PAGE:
Bringing you honest reviews of recent releases
Alicia Vikander – Lara Croft
Walton Goggins – Mathias Vogel
Kristin Scott Thomas – Ana Miller
Dominic West – Lord Richard Croft
Daniel Wu – Lu Ren
I had absolutely no idea what to expect from Tomb Raider. Given the hugely popular preceding movies of the same franchise as well as various computer games, I just couldn’t imagine what this installment would bring. But it could go one of two ways: Brilliant. Dire.
So I grabbed my usual Starbucks vente latte, took my seat next to a random guy (who I swear kept farting throughout the film), and prepared to enjoy..
This movie isn’t bad. But it’s certainly not brilliant. It contains a good amount of action-adventure for those who relish this, with Vikander putting a lot of energy into her role as Lara. But other than the fair-skinned actress hanging from rocks and running through forest whilst shooting arrows there isn’t a hell of a lot of incentive to keep watching.
The story is very simple, easy to follow and plays out in obvious sequence until its finale. It also blends Lara’s present day with her younger ones as the viewer gets a glimpse of what the relationship between her and her father was like. A nice touch of emotion, but let’s be honest – who gives a shit? Viewers want action, not This Is Your Life – action. The essence of film this movie contains largely during its final hour, but lacks sorely at the beginning..
During the opening credits I was gearing up for a good film. Sadly, the first half hour was just arse-numbing as I sat there watching Lara Croft zip around London on her bike as she went about her daily job. She delivers a parcel at one point to a foreign man in his restaurant who obviously has a crush on her.
Lara delivers the parcel.
The man gives a bashful response.
Slight moment of nervous comedy.
The man is never seen again, thus being an object of affection whose story is immediately cut short with no development.
We then see her at a local boxing ring, taking part in the activity she enjoys – which leads to a locker room conversation between her and the boxing club manager about being late on her membership payments.. my god, was this Tomb Raider or Rocky? In fact, was this the film I wanted to see or just a load of recycled shite?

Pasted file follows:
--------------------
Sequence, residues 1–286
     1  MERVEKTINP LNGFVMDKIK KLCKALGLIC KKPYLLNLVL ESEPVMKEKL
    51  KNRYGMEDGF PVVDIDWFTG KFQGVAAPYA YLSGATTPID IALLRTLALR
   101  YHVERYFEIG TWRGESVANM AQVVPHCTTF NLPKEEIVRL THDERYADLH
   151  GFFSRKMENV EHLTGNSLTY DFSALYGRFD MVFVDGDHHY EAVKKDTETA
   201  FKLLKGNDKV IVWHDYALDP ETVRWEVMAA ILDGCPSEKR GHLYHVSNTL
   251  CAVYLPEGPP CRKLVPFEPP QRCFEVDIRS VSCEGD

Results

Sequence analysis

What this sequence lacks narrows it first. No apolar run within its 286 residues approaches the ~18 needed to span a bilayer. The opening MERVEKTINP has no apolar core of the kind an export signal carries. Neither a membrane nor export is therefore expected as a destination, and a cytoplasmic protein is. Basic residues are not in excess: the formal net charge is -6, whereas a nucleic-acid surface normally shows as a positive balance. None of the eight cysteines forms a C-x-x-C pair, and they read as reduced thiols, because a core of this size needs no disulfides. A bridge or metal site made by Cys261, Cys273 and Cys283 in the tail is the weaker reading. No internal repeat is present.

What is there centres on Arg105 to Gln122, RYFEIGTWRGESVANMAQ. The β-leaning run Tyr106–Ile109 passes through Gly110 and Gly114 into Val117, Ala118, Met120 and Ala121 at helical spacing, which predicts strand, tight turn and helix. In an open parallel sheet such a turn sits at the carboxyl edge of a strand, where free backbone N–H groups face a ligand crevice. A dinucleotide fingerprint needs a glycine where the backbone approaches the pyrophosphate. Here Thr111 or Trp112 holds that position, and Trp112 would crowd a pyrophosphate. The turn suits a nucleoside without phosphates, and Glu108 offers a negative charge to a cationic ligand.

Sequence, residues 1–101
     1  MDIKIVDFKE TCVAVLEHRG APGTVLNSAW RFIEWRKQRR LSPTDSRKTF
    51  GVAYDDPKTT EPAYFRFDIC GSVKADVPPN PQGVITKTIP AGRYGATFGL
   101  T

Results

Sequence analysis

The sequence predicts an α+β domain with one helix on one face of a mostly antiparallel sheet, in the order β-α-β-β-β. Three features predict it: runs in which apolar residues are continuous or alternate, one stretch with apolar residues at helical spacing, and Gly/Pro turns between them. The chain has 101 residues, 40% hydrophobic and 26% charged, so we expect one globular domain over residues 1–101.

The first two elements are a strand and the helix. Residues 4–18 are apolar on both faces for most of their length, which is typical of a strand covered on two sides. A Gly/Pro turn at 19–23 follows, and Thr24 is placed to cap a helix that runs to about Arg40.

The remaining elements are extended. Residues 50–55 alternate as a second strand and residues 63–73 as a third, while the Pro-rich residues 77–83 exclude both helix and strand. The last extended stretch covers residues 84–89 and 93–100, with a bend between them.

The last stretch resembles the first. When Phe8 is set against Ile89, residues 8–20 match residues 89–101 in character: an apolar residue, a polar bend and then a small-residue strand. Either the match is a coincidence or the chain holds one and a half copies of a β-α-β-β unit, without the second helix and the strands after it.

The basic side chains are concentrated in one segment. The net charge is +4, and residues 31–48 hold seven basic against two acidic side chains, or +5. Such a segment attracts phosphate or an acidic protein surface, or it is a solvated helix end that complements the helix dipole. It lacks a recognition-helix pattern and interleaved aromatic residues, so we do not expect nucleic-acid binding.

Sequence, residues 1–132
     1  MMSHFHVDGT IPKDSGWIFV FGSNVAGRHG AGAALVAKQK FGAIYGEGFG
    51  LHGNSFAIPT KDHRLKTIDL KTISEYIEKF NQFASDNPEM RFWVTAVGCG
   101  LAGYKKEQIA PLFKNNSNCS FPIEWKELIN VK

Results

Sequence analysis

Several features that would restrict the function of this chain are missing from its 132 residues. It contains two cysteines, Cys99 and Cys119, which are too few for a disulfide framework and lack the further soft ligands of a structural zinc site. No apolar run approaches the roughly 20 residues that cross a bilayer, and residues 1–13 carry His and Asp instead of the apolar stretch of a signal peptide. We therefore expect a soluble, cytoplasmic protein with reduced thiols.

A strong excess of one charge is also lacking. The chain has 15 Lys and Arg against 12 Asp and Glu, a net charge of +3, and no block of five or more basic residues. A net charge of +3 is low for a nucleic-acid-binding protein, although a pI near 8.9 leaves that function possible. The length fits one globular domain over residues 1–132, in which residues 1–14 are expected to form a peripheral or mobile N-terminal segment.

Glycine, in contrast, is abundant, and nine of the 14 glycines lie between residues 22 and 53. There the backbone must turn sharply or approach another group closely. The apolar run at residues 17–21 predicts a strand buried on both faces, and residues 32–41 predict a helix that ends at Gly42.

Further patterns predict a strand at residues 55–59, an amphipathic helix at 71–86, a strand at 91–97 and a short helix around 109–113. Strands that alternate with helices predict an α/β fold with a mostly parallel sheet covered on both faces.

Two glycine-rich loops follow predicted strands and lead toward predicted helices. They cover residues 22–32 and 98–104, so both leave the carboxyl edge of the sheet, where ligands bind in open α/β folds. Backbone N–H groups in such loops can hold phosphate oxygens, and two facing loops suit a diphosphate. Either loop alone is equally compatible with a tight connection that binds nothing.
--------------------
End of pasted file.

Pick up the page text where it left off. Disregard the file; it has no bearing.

Fortunately towards the end of the movie as I was hoping for a bigger touch of the Tomb Raider games, prayer wheels popped up. I vaguely remember these useful tools when playing the game back in the 90’s, as well as Angelina Jolie mentioning them to Gerard Butler’s character (“you stole my prayer wheels”) in Tomb Raider: The Cradle of Life. Vikander uses them to solve a mind-boggling death trap in one of the final scenes of this instalment which fortunately, is a scene that more excitement has gone in to. Whereas a lot of the beginning of Tomb Raider focuses on the lifestyle of a young woman as she works to pay her way through life, the last hour or so is what you want to see. It gathers the main characters together and puts them in situations avid Tomb Raider game fans will enjoy.
Crumbling floors, clinging to walls, cryptic messages written on walls, it’s all there for you if you loved / love playing the games. Sadly, this and the crashed airplane scene are the only ones with oomph and both together make up about 25 minutes of the film. Thank god for a touch of familiarity amongst other dull scenes, even if in the shape of prayer wheels.
The scene involving a crashed aircraft and Lara having to scale it to survive a deathly accident is packed full of action. The tension is literally non-stop as Lara has seconds to climb her way to safety – before a twist of fate sends the aircraft plunging down a gigantic waterfall.
But does she go with it?..
It’s a superb scene and uses the same height of adrenaline most of the original games do; I.E. Lara dropping hundreds of feet down a cliff face and splashing into gushing water, or using her agility to pounce on to passing ledges to find an escape route. This scene paints a historic picture of military wreckage in the foreground of a sumptuous tropical background and adds much needed excitement to the film. Very crisp optical effects used here too.
Scenes like this are what make Tomb Raider (both games and films); slick action playing out in a beautiful but dangerous setting. And this film captures that daunting atmosphere nicely during certain parts.
Tomb Raider was half and half for me. I personally found most of it boring due to very long face-off’s between characters and more focus on Lara’s schedule than adventures. Lara riding around London delivering parcels. Lara at a local boxing club. Lara sat round a table with her father’s business partner discussing her inheritance. Lara reaching her mystical destination..
..and then stood talking to the enemy for a while before any action happens. Not great. But equally the movie seems to capture the essence of Lara Croft nicely during the adventure scenes.
Let’s be honest – no female portrays Lara Croft better than Angelina did. She actually was Lara, in every aspect. Whereas Vikander actually wasn’t. And I was hoping for a brief cameo in this movie; perhaps Vikander’s version discovering a magical mirror or other object which allows her to glimpse into the future. Imagine, her staring into a mirror – Jolie staring back..
That’s all I wanted. A touch of Jolie to place a stamp on the production and secure the mystical reputation of Tomb Raider. Just a few seconds.
If you’ve seen the rest, you may as well give this one a go. It contains some brilliantly breathtaking action, but be prepared for a lot of talky moments too which slow it down somewhat. Vikander gives it a bloody good go but just isn’t a patch on Jolie in terms of – well – everything and doesn’t quite make it as the computer game heroine.
Worth a watch, but let’s see how many more movies they try and rinse out of Croft’s comeback..